Chabahar Free Zone sign (Iran)

Uzbekistan: towards greater cooperation with Iran?

Iran and Uzbekistan’s joint infrastructure projects are picking up steam despite the pandemic. A first working meeting between India, Iran and Uzbekistan in mid-December 2020 once again underlined the commitment of all parties. Above all, the deep-water port in Chabahar in southern Iran stands as a potential gateway to world trade for the Uzbek economy.

This article was originally published on Novastan’s German website on 19 January 2021.

The port of Chabahar, in southern Iran, is at the heart of a new Eurasian infrastructure initiative. Rail and transport links to and from the port are intended to better connect Central Asia and especially Uzbekistan and Afghanistan to international freight traffic. The new routes would significantly reduce previous transport times as well as costs and could contribute to an economic upswing in the Central Asian republics.

On 14 December 2020, a first trilateral working meeting took place between Uzbekistan, Iran and India. Prior to this, Iran and Uzbekistan had already held several bilateral meetings and visits. The latest meeting was co-chaired by India’s shipping minister Sanjeev Ranjan, Uzbekistan’s deputy minister for transport Davron Dehkanov and Iran’s deputy transport minister Shahram Adamnejad. The focus was on the three countries’ relations under the Ashgabat Agreement, which came into force in 2016, and on the Chabahar infrastructure project.

Want more Central Asia in your inbox? Subscribe to our newsletter here.

According to Adamnejad, Uzbekistan, as the most populous country in Central Asia, has an interest in expanding its logistics and transport capacity and creating additional links to drive its economy forward. The Ashgabat Agreement provides for cooperation in the transport sector between Kazakhstan, Uzbekistan, Turkmenistan, Iran, Oman and, since February 2018, India. It also connects with International North-South Transport Corridor (INSTC), a transport route stretching from Russia to India. From the Uzbek side, rail links are already in place in the direction of northern Afghanistan’s Mazar-e Sharif, testifying to Tashkent’s ambitions. Tajikistan is also connected to this link, which would run towards Mashhad in north-western Iran and from there on to the Persian Gulf.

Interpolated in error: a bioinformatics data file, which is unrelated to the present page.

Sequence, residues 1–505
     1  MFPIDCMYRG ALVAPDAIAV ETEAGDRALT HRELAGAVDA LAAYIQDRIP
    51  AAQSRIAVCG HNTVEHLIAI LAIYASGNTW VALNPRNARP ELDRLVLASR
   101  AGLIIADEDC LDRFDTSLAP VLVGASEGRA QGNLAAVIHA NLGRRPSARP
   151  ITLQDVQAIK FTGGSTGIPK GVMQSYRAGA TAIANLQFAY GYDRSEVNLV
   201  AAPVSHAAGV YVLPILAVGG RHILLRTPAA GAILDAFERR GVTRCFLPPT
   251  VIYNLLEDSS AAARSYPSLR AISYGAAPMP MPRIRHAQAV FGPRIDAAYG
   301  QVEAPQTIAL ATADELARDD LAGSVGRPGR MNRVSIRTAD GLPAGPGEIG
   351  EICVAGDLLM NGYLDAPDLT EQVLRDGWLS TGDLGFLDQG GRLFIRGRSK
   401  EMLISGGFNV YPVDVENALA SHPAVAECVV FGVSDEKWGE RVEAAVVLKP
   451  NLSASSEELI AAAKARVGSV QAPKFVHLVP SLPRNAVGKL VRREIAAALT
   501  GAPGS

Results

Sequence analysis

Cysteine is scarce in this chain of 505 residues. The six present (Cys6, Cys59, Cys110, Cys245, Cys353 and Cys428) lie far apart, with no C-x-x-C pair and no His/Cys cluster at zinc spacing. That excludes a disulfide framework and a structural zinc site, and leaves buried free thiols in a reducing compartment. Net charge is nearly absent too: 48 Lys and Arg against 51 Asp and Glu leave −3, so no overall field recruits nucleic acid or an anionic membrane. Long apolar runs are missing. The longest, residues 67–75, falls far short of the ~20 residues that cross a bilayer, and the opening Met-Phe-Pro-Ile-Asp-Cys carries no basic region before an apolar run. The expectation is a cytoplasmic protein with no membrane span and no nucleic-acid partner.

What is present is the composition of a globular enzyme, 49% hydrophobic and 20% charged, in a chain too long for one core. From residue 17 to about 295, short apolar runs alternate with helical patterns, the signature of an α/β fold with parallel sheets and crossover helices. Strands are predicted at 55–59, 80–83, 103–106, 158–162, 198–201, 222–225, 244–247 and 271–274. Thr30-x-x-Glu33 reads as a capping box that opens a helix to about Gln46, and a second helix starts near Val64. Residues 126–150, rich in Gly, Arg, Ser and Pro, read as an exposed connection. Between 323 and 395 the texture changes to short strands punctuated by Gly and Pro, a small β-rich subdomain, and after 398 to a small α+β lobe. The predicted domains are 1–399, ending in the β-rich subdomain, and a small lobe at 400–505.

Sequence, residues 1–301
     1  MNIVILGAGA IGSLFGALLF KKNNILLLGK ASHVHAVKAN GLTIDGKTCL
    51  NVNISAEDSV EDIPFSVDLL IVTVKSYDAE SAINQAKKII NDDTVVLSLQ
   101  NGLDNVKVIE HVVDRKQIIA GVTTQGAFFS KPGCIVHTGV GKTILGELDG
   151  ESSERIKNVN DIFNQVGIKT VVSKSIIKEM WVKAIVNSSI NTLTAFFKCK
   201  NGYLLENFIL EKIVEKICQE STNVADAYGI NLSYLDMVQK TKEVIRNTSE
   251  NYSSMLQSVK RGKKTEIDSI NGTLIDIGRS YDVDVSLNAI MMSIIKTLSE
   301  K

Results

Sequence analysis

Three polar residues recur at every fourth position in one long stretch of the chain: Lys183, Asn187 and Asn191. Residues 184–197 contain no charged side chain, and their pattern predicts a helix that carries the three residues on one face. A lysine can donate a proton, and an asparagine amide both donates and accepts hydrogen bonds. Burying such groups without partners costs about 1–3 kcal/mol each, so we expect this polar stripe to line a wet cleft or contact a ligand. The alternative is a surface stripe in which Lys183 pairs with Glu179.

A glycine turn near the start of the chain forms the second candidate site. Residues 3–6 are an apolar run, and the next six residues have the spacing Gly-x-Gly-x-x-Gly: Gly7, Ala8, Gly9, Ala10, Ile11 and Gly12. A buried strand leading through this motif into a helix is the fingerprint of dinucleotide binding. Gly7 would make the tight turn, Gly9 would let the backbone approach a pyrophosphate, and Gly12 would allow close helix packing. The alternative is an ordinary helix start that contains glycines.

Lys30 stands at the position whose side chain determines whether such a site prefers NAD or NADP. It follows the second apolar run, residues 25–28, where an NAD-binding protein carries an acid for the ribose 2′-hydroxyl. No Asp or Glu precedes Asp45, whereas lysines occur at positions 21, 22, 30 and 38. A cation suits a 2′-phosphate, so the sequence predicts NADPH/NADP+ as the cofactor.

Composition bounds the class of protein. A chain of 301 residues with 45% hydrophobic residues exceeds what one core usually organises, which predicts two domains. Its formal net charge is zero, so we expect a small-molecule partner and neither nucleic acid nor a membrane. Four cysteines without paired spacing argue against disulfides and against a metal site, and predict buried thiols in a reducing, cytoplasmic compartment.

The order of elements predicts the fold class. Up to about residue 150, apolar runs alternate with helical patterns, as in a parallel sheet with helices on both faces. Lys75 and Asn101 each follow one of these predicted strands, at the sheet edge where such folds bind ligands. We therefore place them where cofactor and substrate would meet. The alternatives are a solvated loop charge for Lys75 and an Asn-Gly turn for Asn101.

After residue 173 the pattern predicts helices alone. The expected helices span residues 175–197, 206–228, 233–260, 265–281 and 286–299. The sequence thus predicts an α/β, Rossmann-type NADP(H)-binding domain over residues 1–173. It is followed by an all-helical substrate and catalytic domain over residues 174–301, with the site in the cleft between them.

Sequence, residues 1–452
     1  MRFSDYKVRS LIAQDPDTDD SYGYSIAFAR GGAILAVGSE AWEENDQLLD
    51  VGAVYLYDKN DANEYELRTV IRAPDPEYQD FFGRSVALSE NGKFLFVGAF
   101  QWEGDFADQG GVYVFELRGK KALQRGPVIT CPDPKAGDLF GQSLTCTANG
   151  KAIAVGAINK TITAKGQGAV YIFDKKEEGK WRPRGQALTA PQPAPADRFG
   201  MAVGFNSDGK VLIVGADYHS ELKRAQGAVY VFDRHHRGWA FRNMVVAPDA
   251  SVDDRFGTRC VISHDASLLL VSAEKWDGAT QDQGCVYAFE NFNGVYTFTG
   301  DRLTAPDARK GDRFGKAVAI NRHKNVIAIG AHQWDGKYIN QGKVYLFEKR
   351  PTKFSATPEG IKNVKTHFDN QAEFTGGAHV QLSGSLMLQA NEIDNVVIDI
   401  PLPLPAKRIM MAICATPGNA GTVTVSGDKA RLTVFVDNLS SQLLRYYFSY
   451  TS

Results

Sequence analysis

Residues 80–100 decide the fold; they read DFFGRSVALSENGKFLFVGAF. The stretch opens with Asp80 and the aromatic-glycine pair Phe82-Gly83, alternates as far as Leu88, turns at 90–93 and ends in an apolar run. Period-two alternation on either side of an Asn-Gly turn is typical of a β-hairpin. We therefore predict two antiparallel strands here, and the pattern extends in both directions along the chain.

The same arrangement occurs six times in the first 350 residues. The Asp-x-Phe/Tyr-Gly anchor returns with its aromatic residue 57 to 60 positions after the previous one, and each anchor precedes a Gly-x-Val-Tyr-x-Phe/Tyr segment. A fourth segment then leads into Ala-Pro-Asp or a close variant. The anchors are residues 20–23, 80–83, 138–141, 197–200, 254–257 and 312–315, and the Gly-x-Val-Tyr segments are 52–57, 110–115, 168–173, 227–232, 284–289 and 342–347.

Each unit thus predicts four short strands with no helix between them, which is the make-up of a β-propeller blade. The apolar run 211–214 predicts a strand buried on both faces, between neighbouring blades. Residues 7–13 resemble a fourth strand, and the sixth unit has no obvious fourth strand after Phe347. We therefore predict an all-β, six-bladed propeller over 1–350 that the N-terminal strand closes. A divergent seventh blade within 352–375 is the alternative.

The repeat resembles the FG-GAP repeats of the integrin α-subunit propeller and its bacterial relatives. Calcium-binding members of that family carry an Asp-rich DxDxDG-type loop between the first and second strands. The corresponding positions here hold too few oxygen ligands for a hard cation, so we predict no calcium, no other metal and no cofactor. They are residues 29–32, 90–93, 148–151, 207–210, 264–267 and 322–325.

Iran’s Islamic Republic News Agency (IRNA) reports that Uzbekistan’s Dehkanov praised the facilities of the port of Chabahar, pointing out that in view of the operational capabilities, equipment and strategic position of the port, the formation of a joint working group would be pushed forward as soon as possible.

Iran as a future hub for trade with Uzbekistan and Central Asia

In early May 2019, Iran’s special envoy Kamal Kharazi visited the Uzbek capital for bilateral talks. Joint and regional issues were discussed, such as the construction of the rail link between the Afghan cities of Mazar-e Sharif and Herat, as well as other aspects of the Chabahar project. Both sides agreed to increase the container transport volume on this route.

Tashkent sees the connection via Iran as the economically most profitable and shortest link to the world markets. Conversely, Tehran sees the connection via Uzbekistan as the strategically most important and shortest transit route to China and East Asia. However, the overall trade volume has been manageable so far, not least because of Iran’s economic situation and the coronavirus pandemic.

Another possible train route is from Chabahar to resource-rich central Afghanistan, which would also enable a connection to Kabul. The project, financed and driven mainly by India, is partly in competition with China’s Belt and Road Initiative. With INSTC, India is trying to bypass the overland route via Pakistan and at the same time create an alternative to China’s Belt and Road network for the Central Asian states. China’s increasing dominance and market strength in Central Asia is prompting New Delhi to create alternatives and to dig deeper into its pockets. The expansions of water, rail and road networks planned within the framework of INSTC and by the Chinese Belt and Road Initiative would almost halve the transport routes to the countries of Central Asia and make Iran a future hub for trade with the region.

Bilateral relations and regional goals